Without shit-chat or gimmicks, Interpol bring a classy, understated party to Glastonbury

A good time, all the time.

Tonight marks Interpol’s fourth time at Glastonbury. From the post-punk noir of their debut ‘Turn On The Bright Lights’ when they first graced Worthy Farm in 2003, to the more full-bodied return in the ‘Antics’ era in 2005 to their last as they launched the polished ‘El Pintor’ in 2014.

Watch our full video interview with Interpol below

“When we arrived, we brought an electrical thunderstorm out,” guitarist Dan Kessler tells us backstage about their last appearance, when we caught up before played tonight. “They stopped the festival, which was a very rare moment for Glastonbury because it was just too dangerous and they had to wait it out. There were all these storms and the sun came out. It was really beautiful.”

Tonight, as they headline a stage at Worthy Farm for the first time in the John Peel tent, we ask Kessler what they’re going to do to truly own Glastonbury 2019 when up against Stormzy and Tame Impala.

“What are we not gonna do?” is his reply. Amen. Opening with the summer banger ‘C’Mere’, Interpol kick off a refined and festival-primed set. ‘If You Really Love Nothing’ from their latest album ‘Marauder’ displays both the arena-ready scale and paranoid claustrophobia that they’ve developed over the last 20 years, ‘Say Hello To The Angels’ from their hallowed debut showcases the unpolished promise and full potential that they had from the off, the ‘Antics’ cuts (especially the howling fervour saved for ‘Evil’, ‘Slow Hands’ and even the underrated slowburning chug of ‘Not Even Jail’) just glow with warmth. Then the recent single ‘A Fine Mess’ bristles with an energy and violence that leaves you itching to look around their next sharp left turn.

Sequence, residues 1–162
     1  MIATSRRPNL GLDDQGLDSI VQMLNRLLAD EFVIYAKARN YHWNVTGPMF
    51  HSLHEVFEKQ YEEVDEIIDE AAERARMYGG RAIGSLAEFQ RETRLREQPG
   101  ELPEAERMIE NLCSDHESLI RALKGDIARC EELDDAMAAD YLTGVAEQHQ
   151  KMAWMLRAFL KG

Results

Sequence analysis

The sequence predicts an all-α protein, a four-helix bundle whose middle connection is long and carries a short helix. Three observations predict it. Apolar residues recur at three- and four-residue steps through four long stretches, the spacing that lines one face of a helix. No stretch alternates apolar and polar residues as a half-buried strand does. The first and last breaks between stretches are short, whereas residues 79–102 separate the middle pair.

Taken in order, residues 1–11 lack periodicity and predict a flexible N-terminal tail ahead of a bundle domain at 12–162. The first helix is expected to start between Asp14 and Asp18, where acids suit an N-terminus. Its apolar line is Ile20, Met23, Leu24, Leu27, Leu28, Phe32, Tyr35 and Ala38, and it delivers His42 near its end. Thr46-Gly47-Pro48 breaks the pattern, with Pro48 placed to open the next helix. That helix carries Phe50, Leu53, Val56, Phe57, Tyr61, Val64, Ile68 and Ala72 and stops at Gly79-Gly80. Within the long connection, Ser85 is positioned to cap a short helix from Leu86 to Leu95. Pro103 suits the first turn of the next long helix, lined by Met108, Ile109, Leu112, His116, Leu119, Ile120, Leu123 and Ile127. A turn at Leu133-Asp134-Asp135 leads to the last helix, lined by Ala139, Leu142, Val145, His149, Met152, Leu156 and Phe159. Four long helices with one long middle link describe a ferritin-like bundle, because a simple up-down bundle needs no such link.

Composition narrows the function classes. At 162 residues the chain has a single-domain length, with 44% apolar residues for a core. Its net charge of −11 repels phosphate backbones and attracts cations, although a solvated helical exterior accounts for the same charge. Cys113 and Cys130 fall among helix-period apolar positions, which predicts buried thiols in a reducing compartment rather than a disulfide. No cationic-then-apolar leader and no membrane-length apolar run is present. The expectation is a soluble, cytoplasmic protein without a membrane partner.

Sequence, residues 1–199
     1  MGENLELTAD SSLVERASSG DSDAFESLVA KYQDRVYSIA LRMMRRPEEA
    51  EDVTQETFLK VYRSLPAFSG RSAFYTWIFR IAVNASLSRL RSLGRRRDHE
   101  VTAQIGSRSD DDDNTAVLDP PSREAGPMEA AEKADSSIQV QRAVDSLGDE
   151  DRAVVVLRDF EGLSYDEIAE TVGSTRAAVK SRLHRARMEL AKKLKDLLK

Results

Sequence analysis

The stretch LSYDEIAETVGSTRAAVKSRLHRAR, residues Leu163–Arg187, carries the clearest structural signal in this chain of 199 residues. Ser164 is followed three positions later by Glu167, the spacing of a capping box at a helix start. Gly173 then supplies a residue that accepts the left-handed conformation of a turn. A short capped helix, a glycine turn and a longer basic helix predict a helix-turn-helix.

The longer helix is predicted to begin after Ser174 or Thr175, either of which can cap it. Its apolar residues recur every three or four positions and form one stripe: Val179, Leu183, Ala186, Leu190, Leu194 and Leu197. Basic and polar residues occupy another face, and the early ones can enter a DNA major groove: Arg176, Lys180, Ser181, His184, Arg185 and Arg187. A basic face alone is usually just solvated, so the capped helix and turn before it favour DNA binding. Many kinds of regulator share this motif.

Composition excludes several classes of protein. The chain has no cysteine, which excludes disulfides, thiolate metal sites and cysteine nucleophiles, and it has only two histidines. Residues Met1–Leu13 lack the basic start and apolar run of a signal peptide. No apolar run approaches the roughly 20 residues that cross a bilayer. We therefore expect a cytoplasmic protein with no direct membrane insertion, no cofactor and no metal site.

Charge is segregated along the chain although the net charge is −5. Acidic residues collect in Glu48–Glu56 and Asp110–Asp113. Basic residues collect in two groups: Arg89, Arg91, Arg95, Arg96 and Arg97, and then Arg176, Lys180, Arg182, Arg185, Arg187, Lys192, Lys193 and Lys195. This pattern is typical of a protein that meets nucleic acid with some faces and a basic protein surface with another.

Interpol, live at Glastonbury 2019
Interpol, live at Glastonbury 2019

Interpol, live at Glastonbury 2019

“This is about taking the party by the horns,” frontman Paul Banks recently told NME of the drive behind their new material. That feel-good spirit seems to instill all that Interpol are about these days. Talk is kept to a minimum. “That was ‘The Rover’, very nice,” is as far as Banks’ banter goes. But they don’t need shit-chat or gimmicks. This is classy, understated showmanship. Between Kessler’s frenzied left foot, the dancing glitterball lights and the artful constant build of tension you can almost pierce, the current Interpol set is a good time, all the time. This time, they were the storm.

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Interpol’s setlist was:

If You Really Love Nothing
Public Pervert
The Heinrich Maneuver
Say Hello to the Angels
Fine Mess
Take You on a Cruise
All the Rage Back Home
Rest My Chemistry
The Rover
Slow Hands
The New
Not Even Jail
Obstacle 1